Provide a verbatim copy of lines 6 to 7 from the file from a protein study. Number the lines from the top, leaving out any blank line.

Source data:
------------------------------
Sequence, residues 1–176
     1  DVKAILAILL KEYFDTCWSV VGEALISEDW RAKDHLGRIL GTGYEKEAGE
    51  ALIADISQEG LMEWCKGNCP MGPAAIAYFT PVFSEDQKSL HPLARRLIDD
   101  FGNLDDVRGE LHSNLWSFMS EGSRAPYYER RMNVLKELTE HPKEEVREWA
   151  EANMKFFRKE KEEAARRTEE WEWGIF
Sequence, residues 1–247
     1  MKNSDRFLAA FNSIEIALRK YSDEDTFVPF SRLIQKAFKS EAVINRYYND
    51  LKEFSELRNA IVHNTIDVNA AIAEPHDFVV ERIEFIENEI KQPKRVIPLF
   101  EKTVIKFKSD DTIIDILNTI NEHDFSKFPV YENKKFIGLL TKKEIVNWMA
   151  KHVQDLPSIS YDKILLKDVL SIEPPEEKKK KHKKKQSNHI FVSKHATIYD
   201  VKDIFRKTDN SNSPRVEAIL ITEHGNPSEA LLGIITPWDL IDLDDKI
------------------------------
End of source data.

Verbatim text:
Sequence, residues 1–247
     1  MKNSDRFLAA FNSIEIALRK YSDEDTFVPF SRLIQKAFKS EAVINRYYND